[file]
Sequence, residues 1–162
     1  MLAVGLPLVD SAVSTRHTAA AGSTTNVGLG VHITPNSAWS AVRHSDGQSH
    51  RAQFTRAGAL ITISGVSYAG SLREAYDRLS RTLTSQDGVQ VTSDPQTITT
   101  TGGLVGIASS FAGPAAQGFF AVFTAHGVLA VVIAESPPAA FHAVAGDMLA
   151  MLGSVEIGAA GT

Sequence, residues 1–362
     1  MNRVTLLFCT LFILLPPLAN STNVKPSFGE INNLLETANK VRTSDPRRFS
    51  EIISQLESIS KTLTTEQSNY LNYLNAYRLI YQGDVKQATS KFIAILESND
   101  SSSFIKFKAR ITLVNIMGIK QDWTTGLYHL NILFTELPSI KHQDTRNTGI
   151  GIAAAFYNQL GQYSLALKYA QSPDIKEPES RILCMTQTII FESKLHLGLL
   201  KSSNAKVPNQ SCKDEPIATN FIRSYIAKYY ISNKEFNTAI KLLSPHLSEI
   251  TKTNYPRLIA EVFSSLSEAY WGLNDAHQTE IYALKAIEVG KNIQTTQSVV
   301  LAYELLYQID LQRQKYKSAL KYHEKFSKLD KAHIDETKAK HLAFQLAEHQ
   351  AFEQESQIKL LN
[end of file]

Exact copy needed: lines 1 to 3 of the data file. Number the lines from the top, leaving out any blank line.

Sequence, residues 1–162
     1  MLAVGLPLVD SAVSTRHTAA AGSTTNVGLG VHITPNSAWS AVRHSDGQSH
    51  RAQFTRAGAL ITISGVSYAG SLREAYDRLS RTLTSQDGVQ VTSDPQTITT